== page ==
Christ’s birth brings glory to God in highest heaven. And – praise God – peace on earth.
Peace of heart and mind; peace with God. He brings peace for the poor, the weak, the uneducated, the untalented, the scally. If you ever feel lower than other people, ever feel inferior or down-trodden, remember the shepherds.
Churches can sometimes feel like they’re not for poor people, or the uneducated. But you’re called to Christ, not to church. Remember that God is glorified in highest heaven for stooping down, stepping down into humanity, to lift you up. So:
Hurry to Jesus (15-20)
As soon as the angels leave, the shepherds don’t hang around. Read Luke 2:15-16.
- They didn’t try to analyse their group hallucination (because they knew it wasn’t one). They just hurried.
- And there he was, in a manger, as they’d been told.
Would you like a peek into heaven?
- Imagine there was a window that would only be open to you for a few minutes.
- You look through and you see astonishing, wonderful sights. You glimpse the radiance of the Lord’s own glory – mostly hidden from you even through that window, lest you die!
- Imagine! You’d drink it in!
- And your heart would break and ache when the window closed – you’d never be the same again.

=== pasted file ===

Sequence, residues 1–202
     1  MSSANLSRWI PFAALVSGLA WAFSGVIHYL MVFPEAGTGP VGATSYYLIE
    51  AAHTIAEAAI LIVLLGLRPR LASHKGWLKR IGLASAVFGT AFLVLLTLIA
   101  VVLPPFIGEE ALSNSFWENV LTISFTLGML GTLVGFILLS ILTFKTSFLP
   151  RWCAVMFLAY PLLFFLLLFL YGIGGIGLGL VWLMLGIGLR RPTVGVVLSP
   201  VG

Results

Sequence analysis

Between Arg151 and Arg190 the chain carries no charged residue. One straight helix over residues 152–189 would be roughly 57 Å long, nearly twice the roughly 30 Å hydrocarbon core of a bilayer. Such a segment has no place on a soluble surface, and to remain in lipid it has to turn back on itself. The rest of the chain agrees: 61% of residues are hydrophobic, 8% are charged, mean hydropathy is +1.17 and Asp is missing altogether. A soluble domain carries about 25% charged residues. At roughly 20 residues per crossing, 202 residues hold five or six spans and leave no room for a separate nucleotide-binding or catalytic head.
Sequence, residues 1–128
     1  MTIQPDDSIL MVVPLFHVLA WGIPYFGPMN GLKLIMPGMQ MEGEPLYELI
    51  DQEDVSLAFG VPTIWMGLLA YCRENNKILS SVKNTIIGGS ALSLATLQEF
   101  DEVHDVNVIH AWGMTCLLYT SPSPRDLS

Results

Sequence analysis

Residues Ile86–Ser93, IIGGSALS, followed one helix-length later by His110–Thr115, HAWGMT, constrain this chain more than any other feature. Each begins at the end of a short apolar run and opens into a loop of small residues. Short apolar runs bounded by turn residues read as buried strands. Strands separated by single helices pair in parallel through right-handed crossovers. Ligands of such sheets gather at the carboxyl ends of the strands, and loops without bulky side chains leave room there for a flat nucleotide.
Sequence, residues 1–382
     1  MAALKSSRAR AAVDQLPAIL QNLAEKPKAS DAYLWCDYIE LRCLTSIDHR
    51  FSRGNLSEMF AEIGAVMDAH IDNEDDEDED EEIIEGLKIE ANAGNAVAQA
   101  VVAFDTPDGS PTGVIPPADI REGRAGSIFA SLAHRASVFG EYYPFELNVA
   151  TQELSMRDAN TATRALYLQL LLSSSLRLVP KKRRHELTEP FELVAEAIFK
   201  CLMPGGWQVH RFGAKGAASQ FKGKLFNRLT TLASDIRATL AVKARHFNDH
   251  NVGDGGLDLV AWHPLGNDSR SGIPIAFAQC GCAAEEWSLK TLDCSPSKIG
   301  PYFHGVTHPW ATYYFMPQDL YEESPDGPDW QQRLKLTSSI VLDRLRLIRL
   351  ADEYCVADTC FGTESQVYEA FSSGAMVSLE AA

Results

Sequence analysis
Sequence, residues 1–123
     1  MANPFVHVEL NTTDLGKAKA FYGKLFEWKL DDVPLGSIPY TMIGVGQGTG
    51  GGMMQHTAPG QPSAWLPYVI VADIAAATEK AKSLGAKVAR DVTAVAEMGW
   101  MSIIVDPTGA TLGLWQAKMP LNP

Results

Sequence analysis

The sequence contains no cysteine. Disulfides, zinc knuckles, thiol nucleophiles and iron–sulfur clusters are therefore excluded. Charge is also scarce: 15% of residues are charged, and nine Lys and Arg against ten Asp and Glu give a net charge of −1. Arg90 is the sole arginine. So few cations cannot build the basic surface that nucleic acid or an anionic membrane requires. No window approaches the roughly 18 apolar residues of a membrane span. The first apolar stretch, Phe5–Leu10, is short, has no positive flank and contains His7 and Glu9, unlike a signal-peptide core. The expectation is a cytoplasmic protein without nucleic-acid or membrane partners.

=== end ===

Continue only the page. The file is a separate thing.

What do you think you’d be like, after that? Read Luke 2:17-20.
The scally shepherds had heard the news from the angels and now they’d seen this child with their own eyes. The immediate thing they did was to tell everyone what they knew.
- No tracts. No PowerPoint presentations or websites.
- They had been given a glimpse of glory and they’d seen a child in a manger.
- And they knew that that child was Saviour, Messiah, and Lord.
- That child brought glory to God in the highest, and all the armies of angels were thrilled at what God had done – and would yet do through Jesus.
Good news for you
Wouldn’t it be wonderful to share in the joy and thrill of the angels?
Can you imagine hurrying to see Jesus with the excited urgency of the shepherds?
Isn’t it right to be astonished like everyone the shepherds spoke to, hearing who this Jesus is?
And won’t you be like Mary, keeping these things in your heart and thinking about them often?
The Son of God Most High left eternal splendour to enter the most humble of human cots. He did it willingly because he loves you. Today, Jesus is your Saviour, your Messiah, and your Lord.
He lives, ready to grant life to all who come to him, ready to forgive in light of his own sacrifice.
And all who come can join in with the angels: Glory to God in highest heaven, and peace on earth to those with whom God is pleased.